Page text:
'Both my grandmothers and my mom seem to have had experiences with the paranormal several times," he says. 'My dad's mom would tell me stories about her deceased husband "visiting' her at night. My mom and her mom would tell me stories of déja vu and dreams coming true."

Last year Duplechien's team created a stir when it investigated Shreveport's historic Municipal Auditorium, scene of the Louisiana Hayride, where Elvis Presley, Hank Williams and Johnny Cash once performed. After a night in the historic venue, Duplechien's team deemed it certifiably active. Electronic Voice Phenomenon (EVP) recordings caught a voice saying, 'I love Johnny Cash," and the sound of someone clapping amid the empty audience chairs. Duplechien swears he heard coins dropping near him while he was alone in the upper level.

Most of the time, he brings a team to the task. He says he has to screen new team members carefully. 'Most people think we're a fly-by-night group that meets once every two months in a cemetery," he says, apparently unaware of the pun. 'When I tell them how much work is involved, they never get back with us. Common sense and analytical abilities are all you need."

Of all the historic places and private homes Duplechien has investigated, the Holy Grail of the paranormal loomed ahead of him, far from the Bayou State: the infamous and abandoned Waverly Hills Sanatorium in Louisville, Ky. Considered the most haunted location in the country " and notorious for the 'Shadow People" frequently spotted there " the sprawling former tuberculosis hospital opened early in the 20th century, when the disease had reached epidemic proportions in the United States. Thousands of patients reportedly died there.

Macabre legends of the hospital's supposed medieval practices sprang up like zombies. Before he began his official investigation, Duplechien began his research, looking to verify or debunk some of the wild talk of medical atrocities. He found no evidence supporting the legend of 63,000 deaths at the sanatorium. Another late-night tale from the crypt held that the bodies of the dead were taken into the 'Draining Room," hung from a pole and then systematically cut from the sternum to the pubic region " for the purpose of draining all infected fluids and blood. This would lighten the corpses, according to legend, thereby making it easier to transport the bodies through the 'Death Tunnel," a dark, sloping, 530-foot-long underground chute.

Duplechien, checking hospital records, found no evidence of such a practice; the story was no more than a lurid urban legend long connected with Waverly. In actuality, the 'Draining Room" housed a transformer.

'I don't want to seem macho," says Duplechien, 'but there isn't a lot in this field that scares me."

Waverly Hills would prove to be the exception.

'I was eager to find a logical explanation for the infamous "shadow people,'" says Duplechien. 'However, when I saw it with my own eyes, it wasn't quite as easily explained as I wish it was! What I witnessed was the silhouette of a young girl, approximately 8 to 10 years old, in a dress, with long hair, walking from one side of the hall to the other. When I initially saw it, I thought I was imagining things, but four other members of my group saw the same thing. She wore a ponytail."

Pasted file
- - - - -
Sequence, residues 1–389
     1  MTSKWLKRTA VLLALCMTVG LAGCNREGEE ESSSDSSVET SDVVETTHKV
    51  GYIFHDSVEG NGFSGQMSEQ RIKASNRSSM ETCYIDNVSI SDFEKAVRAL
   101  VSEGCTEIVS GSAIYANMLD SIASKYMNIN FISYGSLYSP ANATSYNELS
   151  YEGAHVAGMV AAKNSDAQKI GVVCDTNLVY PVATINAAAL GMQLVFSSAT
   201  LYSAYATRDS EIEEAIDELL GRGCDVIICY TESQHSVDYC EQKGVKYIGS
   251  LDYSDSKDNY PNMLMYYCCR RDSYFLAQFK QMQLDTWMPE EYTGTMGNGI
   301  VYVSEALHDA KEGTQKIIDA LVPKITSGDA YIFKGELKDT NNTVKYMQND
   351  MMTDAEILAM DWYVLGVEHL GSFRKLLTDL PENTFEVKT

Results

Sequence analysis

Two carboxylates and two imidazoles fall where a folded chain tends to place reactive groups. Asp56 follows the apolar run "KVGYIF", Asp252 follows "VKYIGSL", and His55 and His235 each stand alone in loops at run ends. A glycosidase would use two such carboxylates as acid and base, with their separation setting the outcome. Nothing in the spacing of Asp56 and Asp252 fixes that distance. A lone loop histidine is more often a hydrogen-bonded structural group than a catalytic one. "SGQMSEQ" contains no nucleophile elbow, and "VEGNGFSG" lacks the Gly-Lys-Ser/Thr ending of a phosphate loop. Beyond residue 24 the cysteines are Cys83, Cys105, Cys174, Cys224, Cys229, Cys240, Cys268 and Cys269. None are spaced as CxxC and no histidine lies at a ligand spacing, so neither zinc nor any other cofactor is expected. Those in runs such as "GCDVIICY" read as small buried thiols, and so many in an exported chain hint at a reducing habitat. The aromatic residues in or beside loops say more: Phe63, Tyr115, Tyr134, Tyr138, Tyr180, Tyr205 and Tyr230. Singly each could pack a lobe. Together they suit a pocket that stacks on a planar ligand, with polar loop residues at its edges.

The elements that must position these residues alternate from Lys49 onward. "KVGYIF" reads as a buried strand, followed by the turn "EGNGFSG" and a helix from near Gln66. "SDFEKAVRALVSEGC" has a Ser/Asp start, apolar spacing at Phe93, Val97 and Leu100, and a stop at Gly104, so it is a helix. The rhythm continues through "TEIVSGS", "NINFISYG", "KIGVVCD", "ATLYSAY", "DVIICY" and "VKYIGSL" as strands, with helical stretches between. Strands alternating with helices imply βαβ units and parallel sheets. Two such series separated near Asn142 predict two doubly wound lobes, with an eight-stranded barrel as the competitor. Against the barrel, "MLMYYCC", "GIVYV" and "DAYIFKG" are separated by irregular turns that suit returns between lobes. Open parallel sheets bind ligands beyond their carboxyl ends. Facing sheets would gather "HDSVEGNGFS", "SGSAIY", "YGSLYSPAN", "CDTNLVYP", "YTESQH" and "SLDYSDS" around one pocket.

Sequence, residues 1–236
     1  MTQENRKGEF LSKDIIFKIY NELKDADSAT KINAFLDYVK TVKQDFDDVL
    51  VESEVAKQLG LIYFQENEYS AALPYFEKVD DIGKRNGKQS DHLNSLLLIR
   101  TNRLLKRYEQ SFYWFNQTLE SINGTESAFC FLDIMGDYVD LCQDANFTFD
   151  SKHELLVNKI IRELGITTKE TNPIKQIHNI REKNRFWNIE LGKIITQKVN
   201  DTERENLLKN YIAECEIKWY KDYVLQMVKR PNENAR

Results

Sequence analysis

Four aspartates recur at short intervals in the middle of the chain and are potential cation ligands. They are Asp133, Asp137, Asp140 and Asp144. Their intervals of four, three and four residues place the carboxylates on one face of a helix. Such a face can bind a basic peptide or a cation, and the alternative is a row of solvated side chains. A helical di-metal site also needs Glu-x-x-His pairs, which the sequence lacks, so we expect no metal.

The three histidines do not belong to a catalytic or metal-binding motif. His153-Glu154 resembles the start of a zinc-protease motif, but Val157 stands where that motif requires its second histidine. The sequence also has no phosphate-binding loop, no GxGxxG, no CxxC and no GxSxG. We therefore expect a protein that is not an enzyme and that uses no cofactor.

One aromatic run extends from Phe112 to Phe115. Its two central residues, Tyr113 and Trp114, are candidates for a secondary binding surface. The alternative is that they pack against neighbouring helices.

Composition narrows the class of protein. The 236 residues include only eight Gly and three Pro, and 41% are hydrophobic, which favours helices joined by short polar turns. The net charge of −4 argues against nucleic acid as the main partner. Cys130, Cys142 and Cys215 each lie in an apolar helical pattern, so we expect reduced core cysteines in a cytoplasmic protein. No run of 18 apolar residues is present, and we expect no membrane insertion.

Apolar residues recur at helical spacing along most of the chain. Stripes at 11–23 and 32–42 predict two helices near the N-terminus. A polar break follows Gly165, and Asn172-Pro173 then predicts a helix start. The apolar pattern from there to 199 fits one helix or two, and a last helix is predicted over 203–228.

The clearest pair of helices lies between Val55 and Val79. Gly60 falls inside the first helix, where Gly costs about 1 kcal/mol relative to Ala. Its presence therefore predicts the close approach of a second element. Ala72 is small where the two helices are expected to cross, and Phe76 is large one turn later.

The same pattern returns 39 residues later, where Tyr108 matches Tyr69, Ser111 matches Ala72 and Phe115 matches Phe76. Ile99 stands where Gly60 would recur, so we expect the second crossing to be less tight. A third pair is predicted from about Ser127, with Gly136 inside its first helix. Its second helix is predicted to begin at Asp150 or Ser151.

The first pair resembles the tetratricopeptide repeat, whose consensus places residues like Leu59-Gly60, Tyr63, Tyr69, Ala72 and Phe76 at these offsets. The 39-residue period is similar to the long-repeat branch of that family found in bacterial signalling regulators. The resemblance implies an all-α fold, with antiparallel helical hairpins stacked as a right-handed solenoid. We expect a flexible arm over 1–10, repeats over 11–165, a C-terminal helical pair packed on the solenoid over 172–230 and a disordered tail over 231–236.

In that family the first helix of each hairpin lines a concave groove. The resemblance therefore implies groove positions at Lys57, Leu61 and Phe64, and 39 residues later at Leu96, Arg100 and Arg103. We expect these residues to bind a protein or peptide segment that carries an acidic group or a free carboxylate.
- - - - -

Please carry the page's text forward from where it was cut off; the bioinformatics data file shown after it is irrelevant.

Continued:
Duplechien recounted how, when walking past patient rooms down the cavernous halls of the former hospital, 'the shadow people" appeared to stick their heads out of the doors at the sound of the team members' approach, rather like patients looking for a visitor.

At one point, Duplechien and another investigator were absolutely alone in the massive hospital that once cared for children as well as adults.

'We went up to one of the floors that was completely empty. I tossed a ball into the room for children to play with," he recalls. 'We descended down a flight to one floor below and suddenly above us, there was like the sound of a stampede " the sound of playing children running back and forth where no one had been before. I'm a father, and I know the sound of children playing. That was one moment when I truly became frightened. We were the only two in that whole building."

The laughter of children resonates on EVPs recorded that night, as do voices that claim, 'They ignore us all," 'Walk it out," 'Put that ball down," and 'Oh, Jesus."

Duplechien admits that he feels a little let down now that he has investigated the ultimate challenge " Waverly. Often the butt of smirks in a crowd when people learn what he does, Duplechien is just as often taken aside privately by some of the same people who smirked at him, and they quietly confide they are having paranormal experiences of their own.

If new owner Nicolas Cage grants him permission, the self-effacing ghost hunter who wears many hats would like to investigate the Lalaurie House in New Orleans' French Quarter. A longtime staple of haunted New Orleans legends, this mansion is reputed to house the spirits of slaves who were tortured by Madame Lalaurie and her physician husband. The slaves were said to have been chained in the attic in the mid-19th century when a fire broke out and burned them alive. Firefighters on the scene were reported to have heard the haunting screams of the slaves who were engulfed by the flames " screams that some say can still be heard today.

Duplechien also aspires to take his group to Loyd Hall bed and breakfast in Chenyville and to the venerable Hotel Bentley in Alexandria " two other Louisiana landmarks that are said to be haunted.

'In 10 years," he predicts, 'the explosion of this fad of ghost hunting will be over, but I'll still be at it. It isn't a game to me."

Jeanne Frois is a freelance journalist based in New Orleans.

Duplechien visited the reportedly haunted Waverly Hills Sanitorium with the intention of debunking legends about supernatural "shadow people' inhabiting in the facility. That's not what happened. - LOUISIANA SPIRITS
  • Louisiana Spirits
  • Duplechien visited the reportedly haunted Waverly Hills Sanitorium with the intention of debunking legends about supernatural "shadow people' inhabiting in the facility. That's not what happened.
A vaporous mist of ectoplasm floats among the antiques in a bedroom at Oak Alley Plantation in Vacherie. The plantation reportedly is haunted by a female ghost in an antebellum costume. - LOUISIANA SPIRITS
  • Louisiana Spirits
  • A vaporous mist of ectoplasm floats among the antiques in a bedroom at Oak Alley Plantation in Vacherie. The plantation reportedly is haunted by a female ghost in an antebellum costume.
Louisiana Spirits founders Brad Duplechien (left) and Brandon Thomas - DUANA TROTTER
  • Duana Trotter
  • Louisiana Spirits founders Brad Duplechien (left) and Brandon Thomas